Primary care clinicians have come to realize that a large percentage of patients use alternative or complementary approaches to many types of health problems, including emotional-behavioral ones.
Families often are reluctant to bring up these interventions in primary care appointments for fear that their doctor will criticize them for using unproven and sometimes risky treatments. When it comes to dietary supplements, the evidence for many is rather weak, while others have been studied in controlled trials and now may deserve a closer look. Omega-3 fatty acid supplementation for various types of psychiatric disorders and problems may be leading the pack as an alternative treatment that has earned the right to be on the radar screen of all pediatricians. This article briefly summarizes what scientific evidence exists about the efficacy of omega-3s in pediatric emotional-behavioral problems and where significant gaps in our knowledge remain.
Samantha is an 11-year-old girl who was adopted into a loving and supportive family at the age of 4 years after having suffered a tumultuous early childhood that included domestic violence as well as physical and emotional abuse. Despite a much improved home environment, she has continued to struggle for many years with difficulties including inattention, emotional dysregulation, and aggression toward others. Samantha and her family have worked with a mental health counselor, and her pediatrician also has started her on pharmacotherapy with a stimulant medication and an alpha-agonist. Despite some gains, significant difficulties remain. At a follow-up visit, Samantha’s mother states that she has done some research on the Internet and has heard positive things about omega-3 fatty acid supplements. She wonders if this might be appropriate for Samantha and if so, how specifically the treatment would be administered.
The possible benefits of omega-3s in the treatment of behavioral problems has been discussed for decades, and good evidence from rigorous trials has slowly been accumulating. In October 2015 at the annual meeting of the American Academy of Child and Adolescent Psychiatry, researchers in a clinical trial called Omega-3 and Therapy Studies (OATS) presented some preliminary results to see if omega-3s could augment response in children aged 7-14 years with depression and bipolar spectrum disorders who also were receiving evidence-based psychotherapy. The daily dose was 2,000 mg, consisting of 1,400 mg of eicosapentaenoic acid (EPA), 200 mg of docosahexaenoic acid (DHA), and 400 mg of other omega-3s. Significant improvement of small to medium effect was found for omega-3s, particularly for depressive symptoms, and side effects were minimal.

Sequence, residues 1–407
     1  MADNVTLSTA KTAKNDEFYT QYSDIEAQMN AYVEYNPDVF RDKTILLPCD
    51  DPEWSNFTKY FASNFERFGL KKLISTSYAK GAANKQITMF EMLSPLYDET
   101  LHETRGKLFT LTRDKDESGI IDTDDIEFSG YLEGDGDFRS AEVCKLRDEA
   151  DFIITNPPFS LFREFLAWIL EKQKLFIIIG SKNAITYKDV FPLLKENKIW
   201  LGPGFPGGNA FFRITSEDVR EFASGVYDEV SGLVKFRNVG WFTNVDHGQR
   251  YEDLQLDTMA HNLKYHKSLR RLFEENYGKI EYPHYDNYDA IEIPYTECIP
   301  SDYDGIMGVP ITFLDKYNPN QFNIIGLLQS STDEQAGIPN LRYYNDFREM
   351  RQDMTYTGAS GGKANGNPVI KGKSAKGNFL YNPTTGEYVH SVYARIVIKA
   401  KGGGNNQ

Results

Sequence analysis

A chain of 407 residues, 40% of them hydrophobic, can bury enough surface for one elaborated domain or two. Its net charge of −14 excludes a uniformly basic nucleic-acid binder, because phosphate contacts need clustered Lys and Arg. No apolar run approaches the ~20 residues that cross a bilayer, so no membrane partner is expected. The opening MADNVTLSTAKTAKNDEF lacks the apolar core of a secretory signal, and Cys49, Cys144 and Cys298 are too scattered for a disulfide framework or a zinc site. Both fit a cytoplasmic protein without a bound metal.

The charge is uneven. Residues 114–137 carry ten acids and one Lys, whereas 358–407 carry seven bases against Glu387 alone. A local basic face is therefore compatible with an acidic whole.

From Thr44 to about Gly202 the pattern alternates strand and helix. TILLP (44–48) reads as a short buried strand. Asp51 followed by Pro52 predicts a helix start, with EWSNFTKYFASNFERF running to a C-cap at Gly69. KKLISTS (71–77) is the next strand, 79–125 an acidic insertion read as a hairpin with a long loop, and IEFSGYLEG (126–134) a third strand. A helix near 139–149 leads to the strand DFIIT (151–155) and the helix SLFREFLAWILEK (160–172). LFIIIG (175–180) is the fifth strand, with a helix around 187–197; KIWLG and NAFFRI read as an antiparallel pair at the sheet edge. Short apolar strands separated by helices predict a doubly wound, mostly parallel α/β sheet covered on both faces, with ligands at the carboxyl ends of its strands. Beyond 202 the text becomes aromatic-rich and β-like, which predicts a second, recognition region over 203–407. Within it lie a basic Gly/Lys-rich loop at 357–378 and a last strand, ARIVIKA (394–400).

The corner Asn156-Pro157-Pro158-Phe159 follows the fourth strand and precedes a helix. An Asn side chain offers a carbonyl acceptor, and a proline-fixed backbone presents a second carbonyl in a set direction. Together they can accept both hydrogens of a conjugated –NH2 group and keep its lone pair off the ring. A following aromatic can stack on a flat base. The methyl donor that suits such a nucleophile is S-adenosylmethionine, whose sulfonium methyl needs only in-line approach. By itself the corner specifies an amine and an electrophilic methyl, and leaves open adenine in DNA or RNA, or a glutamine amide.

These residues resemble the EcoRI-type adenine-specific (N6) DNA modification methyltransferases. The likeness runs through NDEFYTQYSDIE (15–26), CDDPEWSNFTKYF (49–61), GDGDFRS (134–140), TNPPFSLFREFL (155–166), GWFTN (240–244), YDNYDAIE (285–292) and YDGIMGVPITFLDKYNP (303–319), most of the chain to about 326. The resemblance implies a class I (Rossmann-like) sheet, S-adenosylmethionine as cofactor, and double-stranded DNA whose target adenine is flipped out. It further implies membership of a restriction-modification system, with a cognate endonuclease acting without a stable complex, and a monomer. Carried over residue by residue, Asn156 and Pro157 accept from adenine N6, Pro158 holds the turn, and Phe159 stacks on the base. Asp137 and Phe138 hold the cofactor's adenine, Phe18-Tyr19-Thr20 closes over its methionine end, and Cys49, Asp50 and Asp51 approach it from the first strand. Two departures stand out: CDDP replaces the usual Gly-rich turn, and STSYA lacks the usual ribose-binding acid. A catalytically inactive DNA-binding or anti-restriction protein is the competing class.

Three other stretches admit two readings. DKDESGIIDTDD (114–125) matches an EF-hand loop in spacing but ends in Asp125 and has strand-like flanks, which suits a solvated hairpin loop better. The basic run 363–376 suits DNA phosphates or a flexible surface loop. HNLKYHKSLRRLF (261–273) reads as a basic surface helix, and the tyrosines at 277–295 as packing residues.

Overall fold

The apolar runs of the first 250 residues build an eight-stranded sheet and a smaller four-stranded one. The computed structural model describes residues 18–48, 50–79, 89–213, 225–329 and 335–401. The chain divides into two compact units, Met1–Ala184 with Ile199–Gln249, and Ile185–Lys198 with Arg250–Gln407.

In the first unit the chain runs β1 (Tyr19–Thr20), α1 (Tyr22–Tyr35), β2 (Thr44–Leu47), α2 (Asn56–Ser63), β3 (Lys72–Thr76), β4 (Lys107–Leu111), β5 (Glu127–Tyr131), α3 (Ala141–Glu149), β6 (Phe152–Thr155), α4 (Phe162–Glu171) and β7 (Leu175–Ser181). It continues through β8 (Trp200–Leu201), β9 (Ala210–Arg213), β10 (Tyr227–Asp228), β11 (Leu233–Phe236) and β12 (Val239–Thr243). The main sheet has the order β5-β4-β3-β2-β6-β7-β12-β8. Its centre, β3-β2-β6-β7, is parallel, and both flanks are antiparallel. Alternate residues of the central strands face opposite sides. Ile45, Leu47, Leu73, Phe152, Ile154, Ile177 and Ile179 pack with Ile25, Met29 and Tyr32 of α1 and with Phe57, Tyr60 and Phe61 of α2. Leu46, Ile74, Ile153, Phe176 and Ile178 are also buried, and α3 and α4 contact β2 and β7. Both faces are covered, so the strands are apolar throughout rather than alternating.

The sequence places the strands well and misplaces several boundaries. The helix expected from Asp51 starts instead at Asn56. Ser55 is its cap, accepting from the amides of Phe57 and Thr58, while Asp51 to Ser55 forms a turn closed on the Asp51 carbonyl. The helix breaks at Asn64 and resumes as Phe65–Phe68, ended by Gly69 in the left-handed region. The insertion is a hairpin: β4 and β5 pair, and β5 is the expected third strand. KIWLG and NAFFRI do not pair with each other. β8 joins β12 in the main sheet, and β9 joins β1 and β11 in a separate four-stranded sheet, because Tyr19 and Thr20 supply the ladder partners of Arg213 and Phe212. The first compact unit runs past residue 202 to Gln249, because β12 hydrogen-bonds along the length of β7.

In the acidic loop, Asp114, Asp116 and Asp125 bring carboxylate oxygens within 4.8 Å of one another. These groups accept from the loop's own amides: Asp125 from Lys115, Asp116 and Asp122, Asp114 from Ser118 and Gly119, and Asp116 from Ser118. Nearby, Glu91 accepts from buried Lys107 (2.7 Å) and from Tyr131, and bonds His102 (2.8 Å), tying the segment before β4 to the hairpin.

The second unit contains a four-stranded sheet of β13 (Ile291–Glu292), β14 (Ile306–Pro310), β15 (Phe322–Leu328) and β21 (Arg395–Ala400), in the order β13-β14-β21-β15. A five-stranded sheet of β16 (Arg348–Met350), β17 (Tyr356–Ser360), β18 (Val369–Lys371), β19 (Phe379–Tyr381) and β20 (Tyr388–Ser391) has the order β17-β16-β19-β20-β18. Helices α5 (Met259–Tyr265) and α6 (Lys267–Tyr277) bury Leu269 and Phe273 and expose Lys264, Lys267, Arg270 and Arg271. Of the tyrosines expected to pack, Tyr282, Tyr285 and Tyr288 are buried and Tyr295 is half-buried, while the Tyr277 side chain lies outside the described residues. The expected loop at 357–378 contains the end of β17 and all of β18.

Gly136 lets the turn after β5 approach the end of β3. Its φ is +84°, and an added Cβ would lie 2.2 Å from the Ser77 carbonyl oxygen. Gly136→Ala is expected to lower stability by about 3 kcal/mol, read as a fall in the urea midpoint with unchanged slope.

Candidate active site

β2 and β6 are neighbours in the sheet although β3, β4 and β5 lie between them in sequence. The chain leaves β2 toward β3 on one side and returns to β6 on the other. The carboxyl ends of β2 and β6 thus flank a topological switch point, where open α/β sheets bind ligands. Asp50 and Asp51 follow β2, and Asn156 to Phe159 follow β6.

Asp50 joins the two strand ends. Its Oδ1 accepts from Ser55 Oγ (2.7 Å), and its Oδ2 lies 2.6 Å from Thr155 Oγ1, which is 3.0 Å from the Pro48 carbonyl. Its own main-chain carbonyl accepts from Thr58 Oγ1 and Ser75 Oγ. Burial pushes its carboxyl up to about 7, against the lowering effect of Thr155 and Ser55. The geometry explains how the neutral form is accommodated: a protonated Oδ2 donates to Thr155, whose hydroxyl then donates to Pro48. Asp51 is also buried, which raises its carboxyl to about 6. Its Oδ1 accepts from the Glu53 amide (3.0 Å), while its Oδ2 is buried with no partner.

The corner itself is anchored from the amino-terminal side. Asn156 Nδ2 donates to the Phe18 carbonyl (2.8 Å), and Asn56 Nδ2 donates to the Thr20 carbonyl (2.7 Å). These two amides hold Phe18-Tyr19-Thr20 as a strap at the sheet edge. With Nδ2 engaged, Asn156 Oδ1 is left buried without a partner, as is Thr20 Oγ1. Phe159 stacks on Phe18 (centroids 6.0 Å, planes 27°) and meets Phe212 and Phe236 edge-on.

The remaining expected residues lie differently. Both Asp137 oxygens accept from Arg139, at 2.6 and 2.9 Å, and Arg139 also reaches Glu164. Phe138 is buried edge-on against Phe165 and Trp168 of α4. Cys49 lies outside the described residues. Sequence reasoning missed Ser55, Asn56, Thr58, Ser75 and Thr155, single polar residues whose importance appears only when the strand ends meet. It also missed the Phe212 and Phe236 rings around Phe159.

Another relatively recent study from 2014 used a randomized double-blind design in 200 youth between the ages of 6 and 18 years from the island nation of Mauritius, near Madagascar (J Child Psychol Psychiatry. 2015 May;56:509-20). The active treatment here was 1,000 mg of omega-3s (300 mg DHA, 200 mg EPA, 500 mg of others). After subjects were followed for a year, significant and fairly large improvements were found for omega-3s, relative to placebo, across a wide range of problems including aggression in addition to anxiety and depressive symptoms. One very interesting side note of this study was that the improvement in child behavior seemed to be partially mediated by improvements in the parents’ behavior, even though parents did not receive the supplements.
In attention-deficit/hyperactivity disorder, a meta-analysis of 10 clinical trials also was positive (J Am Acad Child Adolesc Psychiatry. 2011 Oct;50:991-1000). The effect size was small, but there seemed to be a dose effect with more positive trials related to higher daily doses of EPA. Side effects again were few.
The mechanism for improvement remains to be fully understood, although evidence points to changes in cell membrane fluidity and possible anti-inflammatory properties. The biggest question mark that remains from a practical standpoint is dose, both in absolute numbers and with regard to ratios of EPA to DHA. Given the vast number of suppliers of omega-3 supplementation and the wide range of quality with regard to accurate dosing and impurities, it also is important to help families identify a specific product that can be trusted.
Somewhat to the surprise of Samantha’s mother, the pediatrician supports a trial of omega-3 supplementation, given the increasing evidence of efficacy and the favorable side effect profile. They discuss reasonable expectations, dosing, and ways that the family can obtain a high-quality supplement. Six months later, the family reports noticeable further improvements in Samantha’s behavior to the point that more aggressive psychopharmacologic treatment is not indicated currently.
In sum, it is reasonable to conclude at this point that evidence supporting omega-3 use for a variety of emotional-behavioral problems now equals or exceeds that for many off-label prescription medications that are now used in similar situations. This increasing evidence, combined with the low risk for most patients, would seem to warrant pediatricians considering omega-3 supplementation as a more mainstream and evidence-based intervention that deserves a place in one’s treatment algorithm for several emotional-behavioral concerns.